Relación entre discapacidad y las metas de presión arterial en pacientes adultos cursando con ataque cerebro vascular isquémico llevados a terapia de reperfusión: una revisión sistemática de la literatura
Gómez Hernández, Miguel Enrique
González Varona, Gustavo Adolfo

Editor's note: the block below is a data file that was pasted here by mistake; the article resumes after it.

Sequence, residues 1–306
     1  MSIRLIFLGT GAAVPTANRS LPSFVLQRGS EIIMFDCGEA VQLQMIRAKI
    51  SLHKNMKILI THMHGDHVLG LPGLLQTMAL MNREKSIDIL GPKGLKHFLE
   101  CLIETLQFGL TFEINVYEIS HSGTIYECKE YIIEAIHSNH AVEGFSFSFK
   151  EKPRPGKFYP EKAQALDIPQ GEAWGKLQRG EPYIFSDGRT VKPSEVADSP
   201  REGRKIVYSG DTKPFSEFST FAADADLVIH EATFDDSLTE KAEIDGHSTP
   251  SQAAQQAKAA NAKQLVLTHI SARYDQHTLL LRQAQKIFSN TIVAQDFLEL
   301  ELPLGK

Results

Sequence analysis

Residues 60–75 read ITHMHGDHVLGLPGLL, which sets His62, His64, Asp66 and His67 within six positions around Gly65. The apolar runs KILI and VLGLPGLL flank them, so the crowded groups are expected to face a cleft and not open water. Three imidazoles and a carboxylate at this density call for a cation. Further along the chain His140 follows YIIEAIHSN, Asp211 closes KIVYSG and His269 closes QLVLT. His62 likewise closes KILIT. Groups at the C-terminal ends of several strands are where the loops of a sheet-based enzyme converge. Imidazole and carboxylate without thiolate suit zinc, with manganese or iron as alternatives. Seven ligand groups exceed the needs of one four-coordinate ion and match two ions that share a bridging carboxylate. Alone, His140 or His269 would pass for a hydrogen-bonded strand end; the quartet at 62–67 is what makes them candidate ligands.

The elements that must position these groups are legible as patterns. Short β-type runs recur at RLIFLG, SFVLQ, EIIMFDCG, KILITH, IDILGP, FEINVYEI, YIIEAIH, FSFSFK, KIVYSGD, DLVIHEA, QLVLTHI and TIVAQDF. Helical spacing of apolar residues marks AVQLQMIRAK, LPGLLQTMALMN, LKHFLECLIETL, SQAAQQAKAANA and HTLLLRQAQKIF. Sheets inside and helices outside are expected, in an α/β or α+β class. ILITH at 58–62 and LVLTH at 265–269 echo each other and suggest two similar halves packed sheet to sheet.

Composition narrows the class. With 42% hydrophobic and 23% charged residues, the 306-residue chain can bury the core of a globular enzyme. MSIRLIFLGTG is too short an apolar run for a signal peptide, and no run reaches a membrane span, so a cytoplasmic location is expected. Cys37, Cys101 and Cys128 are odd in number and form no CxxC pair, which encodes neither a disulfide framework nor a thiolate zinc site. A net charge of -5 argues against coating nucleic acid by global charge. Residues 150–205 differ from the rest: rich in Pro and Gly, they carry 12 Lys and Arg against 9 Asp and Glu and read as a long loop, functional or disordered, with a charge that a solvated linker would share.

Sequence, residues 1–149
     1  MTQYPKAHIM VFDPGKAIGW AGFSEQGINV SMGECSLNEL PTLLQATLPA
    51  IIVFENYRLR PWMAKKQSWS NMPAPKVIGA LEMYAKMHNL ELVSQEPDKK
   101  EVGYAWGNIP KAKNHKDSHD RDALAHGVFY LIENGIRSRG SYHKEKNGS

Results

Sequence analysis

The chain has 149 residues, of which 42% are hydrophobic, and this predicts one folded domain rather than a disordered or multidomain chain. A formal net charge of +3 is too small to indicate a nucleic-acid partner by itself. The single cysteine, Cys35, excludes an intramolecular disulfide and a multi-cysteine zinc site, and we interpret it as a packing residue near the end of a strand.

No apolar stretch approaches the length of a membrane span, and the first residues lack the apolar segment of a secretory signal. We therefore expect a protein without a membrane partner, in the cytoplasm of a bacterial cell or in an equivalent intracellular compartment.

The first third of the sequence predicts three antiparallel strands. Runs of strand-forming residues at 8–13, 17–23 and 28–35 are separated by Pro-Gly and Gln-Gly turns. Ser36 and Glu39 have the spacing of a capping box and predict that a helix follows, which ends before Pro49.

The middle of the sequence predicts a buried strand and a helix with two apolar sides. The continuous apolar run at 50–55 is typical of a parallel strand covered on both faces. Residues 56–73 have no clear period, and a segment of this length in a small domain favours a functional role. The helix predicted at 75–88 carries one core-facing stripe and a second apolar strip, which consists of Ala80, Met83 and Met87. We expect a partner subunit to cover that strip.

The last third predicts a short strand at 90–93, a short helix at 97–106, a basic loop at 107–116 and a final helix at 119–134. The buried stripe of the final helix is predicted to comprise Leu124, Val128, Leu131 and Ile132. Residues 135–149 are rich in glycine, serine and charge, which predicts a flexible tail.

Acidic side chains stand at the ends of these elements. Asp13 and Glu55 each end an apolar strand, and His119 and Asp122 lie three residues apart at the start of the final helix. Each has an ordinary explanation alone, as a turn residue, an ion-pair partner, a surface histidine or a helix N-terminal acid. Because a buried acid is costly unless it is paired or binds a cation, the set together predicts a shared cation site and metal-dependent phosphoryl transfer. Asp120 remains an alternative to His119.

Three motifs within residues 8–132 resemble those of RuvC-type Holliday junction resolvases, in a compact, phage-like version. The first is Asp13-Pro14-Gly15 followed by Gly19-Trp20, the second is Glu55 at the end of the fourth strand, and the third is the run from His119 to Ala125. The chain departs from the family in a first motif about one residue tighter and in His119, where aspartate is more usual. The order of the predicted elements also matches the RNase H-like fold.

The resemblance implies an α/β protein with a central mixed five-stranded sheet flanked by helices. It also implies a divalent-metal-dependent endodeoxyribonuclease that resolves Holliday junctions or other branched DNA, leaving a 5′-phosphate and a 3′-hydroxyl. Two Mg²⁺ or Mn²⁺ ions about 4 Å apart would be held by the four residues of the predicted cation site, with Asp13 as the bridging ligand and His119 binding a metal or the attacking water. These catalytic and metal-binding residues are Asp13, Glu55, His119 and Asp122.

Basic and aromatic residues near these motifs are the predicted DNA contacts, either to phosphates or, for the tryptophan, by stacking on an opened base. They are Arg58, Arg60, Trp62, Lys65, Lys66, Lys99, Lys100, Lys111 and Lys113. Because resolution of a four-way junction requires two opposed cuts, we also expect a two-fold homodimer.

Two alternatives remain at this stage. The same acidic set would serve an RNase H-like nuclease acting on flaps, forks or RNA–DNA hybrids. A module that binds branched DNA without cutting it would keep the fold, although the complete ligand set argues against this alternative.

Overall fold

Background: Drops in Systolic arterial pressure (SAP) below the 140 mmHg after Stroke occurs between 18% and 25% and can be associated with adverse outcomes, disability and increase mortality, because the arterial pressure augmentation in ischemic stroke could be beneficial due to recover penumbra perfusion in the peri-infarct zone. Nevertheless, stroke patients have comorbid conditions and could have further neurological deterioration because the drop in de cerebral perfusion pressure or by the hemorrhagic transformation on the reperfusion therapy. Methods: We performed a systematic review in Medline, Embasse, Cochrane library, Lilacs and Opengrey databases for clinical studies that research the relationship among the arterial pressure after reperfusion therapy in ischemic stroke and outcomes in disability and mortality. Two independent investigators review all tittles and later the abstracts that a priori fulfill the inclusion criteria. Finally, they review and read the complete papers to include the relevant articles in respect to the clinical question and the data extraction. Results: The papers related with ischemic stroke were 2,200 and found 71 articles about arterial pressure goals after the reperfusion therapy of which 7 studies met the criteria for our study. The research included 7571 patients (aged: 68.7 years, 55.1% male). The most reported comorbidities were arterial hypertension in 67.7%, auricular fibrillation 28.2%, diabetes mellitus 26.3%, previous stroke 10.2%, coronary artery disease 8.7%, chronic heart failure 3.2%, smokers 16%. The average NIHSS was 14.3 and ASPECTS scale 85. The most commonly used reperfusion therapy was de intravenous thrombolysis in 71% of cases. The average of successful reperfusion therapy was 46.9%. But the patients heterogenicity and the way to report the outcomes the metanalysis was not possible in this systematic review. The patients managed with systolic arterial pressure between 130 – 140 mmHg had better neurological outcomes compared with SAP above 140 mmHg (OR: 2.37, CI: 0.95 – 1.20, p-value<0.001) as well less probability of intracerebral hemorrhage (OR: 0.83, CI: 0.73 – 0.95, p-value<0.001) and mortality (OR: 0.73, CI: 0.62 – 0.95 p-value=0.01). The benefit and risks to recommended arterial pressure ranges remains unknown, but the intensive monitoring is recommended. Conclusion: The current study found that the relationship between arterial pressure levels above 140 mmHg after reperfusion therapy in ischemic stroke and the probability to have worse outcomes among 30 days to 6 months. We also found as an additional finding that probably the PAS above 130 mmHg could be in relationship to have a worse outcome.